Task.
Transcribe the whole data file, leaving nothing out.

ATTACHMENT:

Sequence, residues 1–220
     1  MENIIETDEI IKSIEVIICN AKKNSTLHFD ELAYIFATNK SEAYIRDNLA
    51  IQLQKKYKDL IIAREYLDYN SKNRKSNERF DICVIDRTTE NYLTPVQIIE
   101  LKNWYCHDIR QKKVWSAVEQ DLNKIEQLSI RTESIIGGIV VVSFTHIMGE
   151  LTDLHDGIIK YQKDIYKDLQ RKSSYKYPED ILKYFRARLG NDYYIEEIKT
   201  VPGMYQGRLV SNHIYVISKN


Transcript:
Sequence, residues 1–220
     1  MENIIETDEI IKSIEVIICN AKKNSTLHFD ELAYIFATNK SEAYIRDNLA
    51  IQLQKKYKDL IIAREYLDYN SKNRKSNERF DICVIDRTTE NYLTPVQIIE
   101  LKNWYCHDIR QKKVWSAVEQ DLNKIEQLSI RTESIIGGIV VVSFTHIMGE
   151  LTDLHDGIIK YQKDIYKDLQ RKSSYKYPED ILKYFRARLG NDYYIEEIKT
   201  VPGMYQGRLV SNHIYVISKN